Dismiss Notice
Join Physics Forums Today!
The friendliest, high quality science and math community on the planet! Everyone who loves science is here!

Endothermic absorb energy How do they begin in the first place?

  1. Mar 29, 2012 #1
    Endothermic absorb energy... How do they begin in the first place??

    PLEASE, BEFORE ANSWERING I would like you to hear me out. >>>

    Im really confused as to the phenomenon of why endothermic reactions between mixing of two substances just spontaneously happen.. giving them temporary "cold" properties...

    Thermal neutrality and the urge for everything to equalize in temperature is completely intuitive to me, so when i think of something getting hot, obviously energy was introduced to the system... In endothermic reactions however, this is not necessarily the case.

    Obviously one the reaction happens, it has gone to a state of less energy... It is absorbing the room temperature heat and from your fingers when touching.

    i understand how putting a source of heat between two substances can cause an endothermic reaction, because your introducing outside energy to start with.. they say when bonds are being broken, it costs energy. But what energy is being displaced to being the endothermic reaction, before it gets real cold..

    how do bonds just spontaneously break apart and loose energy when they are mixed like metal in a salt solution for example.

    Could someone explain this in a precise clear manner, cause i think the hardest part of the question is communicating my misunderstanding, I couldn't get the answer I wanted from my chem teacher, she kept saying entropy causes this, naturally. I know what entropy is, i am still confused, however.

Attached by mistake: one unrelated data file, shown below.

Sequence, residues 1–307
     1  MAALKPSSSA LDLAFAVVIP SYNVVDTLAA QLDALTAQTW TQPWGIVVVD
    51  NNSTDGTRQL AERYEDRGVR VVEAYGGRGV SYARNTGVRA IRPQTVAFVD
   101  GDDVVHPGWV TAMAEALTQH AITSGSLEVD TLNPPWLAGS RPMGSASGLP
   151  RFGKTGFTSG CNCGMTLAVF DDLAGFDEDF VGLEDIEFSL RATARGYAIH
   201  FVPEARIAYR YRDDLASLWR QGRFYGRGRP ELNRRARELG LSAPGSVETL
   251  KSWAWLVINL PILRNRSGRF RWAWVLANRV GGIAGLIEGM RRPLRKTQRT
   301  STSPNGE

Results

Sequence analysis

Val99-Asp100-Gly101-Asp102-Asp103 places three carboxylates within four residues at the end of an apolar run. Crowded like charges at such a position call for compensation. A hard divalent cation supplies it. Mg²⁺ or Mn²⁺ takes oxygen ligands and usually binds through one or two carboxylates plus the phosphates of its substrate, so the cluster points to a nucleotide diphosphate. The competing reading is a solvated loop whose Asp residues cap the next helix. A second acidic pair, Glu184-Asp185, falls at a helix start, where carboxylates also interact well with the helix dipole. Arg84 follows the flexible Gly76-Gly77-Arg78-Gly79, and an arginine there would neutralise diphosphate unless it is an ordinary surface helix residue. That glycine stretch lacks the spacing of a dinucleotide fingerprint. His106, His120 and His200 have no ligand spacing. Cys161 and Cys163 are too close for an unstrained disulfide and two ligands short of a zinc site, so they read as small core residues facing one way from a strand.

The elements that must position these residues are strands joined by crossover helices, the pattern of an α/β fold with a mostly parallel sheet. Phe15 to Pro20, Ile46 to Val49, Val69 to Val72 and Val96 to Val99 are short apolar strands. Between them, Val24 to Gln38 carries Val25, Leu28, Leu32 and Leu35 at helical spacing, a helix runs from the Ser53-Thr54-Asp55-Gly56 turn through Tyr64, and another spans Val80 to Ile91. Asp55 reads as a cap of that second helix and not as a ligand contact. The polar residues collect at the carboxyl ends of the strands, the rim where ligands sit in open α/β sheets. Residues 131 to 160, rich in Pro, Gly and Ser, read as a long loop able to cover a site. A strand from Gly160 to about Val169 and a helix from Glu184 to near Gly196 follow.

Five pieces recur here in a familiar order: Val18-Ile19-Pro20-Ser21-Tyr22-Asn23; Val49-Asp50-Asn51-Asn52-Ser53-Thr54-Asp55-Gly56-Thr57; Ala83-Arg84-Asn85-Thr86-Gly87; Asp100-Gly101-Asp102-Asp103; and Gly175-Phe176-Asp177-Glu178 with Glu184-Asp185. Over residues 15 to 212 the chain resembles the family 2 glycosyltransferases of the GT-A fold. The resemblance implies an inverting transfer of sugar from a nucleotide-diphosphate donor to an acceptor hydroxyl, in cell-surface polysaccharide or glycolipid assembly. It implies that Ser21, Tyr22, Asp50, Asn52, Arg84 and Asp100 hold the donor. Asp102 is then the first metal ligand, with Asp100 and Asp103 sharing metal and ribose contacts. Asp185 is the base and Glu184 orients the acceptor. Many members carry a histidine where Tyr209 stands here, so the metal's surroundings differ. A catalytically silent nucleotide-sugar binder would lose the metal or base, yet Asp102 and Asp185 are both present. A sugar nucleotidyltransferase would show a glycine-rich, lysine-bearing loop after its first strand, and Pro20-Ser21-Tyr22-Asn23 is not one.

Thank you for reading, I would very much appreciate some insight.

    ammonium nitrate cold packs for example... they just magically get cold.

    this is my observation so far: these spontaneous endothermic reactions when substances are mixed are because they are at an unstable state? and with the cost of a little bit of (room temperature) heat, they break apart into more stable molecules/atoms?

    The want to go from unstable to stable at the cost of a tiny bit of heat energy from its surroundings make sense to me, but im not sure..
    Last edited: Mar 29, 2012
  2. jcsd
  3. Mar 30, 2012 #2


    User Avatar
    Staff Emeritus
    Science Advisor

    Re: Endothermic absorb energy... How do they begin in the first place??

    I could be wrong, but I don't think endothermic reactions result in the product of the reaction being in a state of LESS energy. That energy isn't lost, it has to go somewhere, so it should go be bound up in the molecules, putting them in a higher energy state. If this energy is taken from the heat of the substance, it would result in a lowering of the temperature.
  4. Mar 30, 2012 #3


    User Avatar
    Staff Emeritus
    Science Advisor
    Homework Helper

    Re: Endothermic absorb energy... How do they begin in the first place??

    The main idea to keep in mind is that there are three tendencies that drive reactions in one direction or the other:

    1. A tendency to go in the direction of lower internal energy
    2. A tendency to go in the direction of smaller volume (in the presence of external pressure on the system)
    3. A tendency to go in the direction of higher entropy

    When the 3 tendencies favor different directions, you have to calculate the Gibbs Free Energy for the products and reactants; whichever has a lower G "wins" in terms of reaction direction:
    Gibbs Free Energy = G = U + PV - TS
    In an endothermic reaction, the U+PV terms alone would favor the reactants. But, the products have a sufficiently higher entropy so that overall the products are the favored direction for such a reaction. That "-TS" term (-Temperature·Entropy) is what makes G smaller for the high-entropy products than for the low-entropy reactants, even though heat must be transferred into the system for this to happen.

    Hope this explanation makes some sense -- I probably left out some details in the interest of keeping things fairly brief. If you have more questions, feel free to ask.
    Last edited: Mar 30, 2012
Share this great discussion with others via Reddit, Google+, Twitter, or Facebook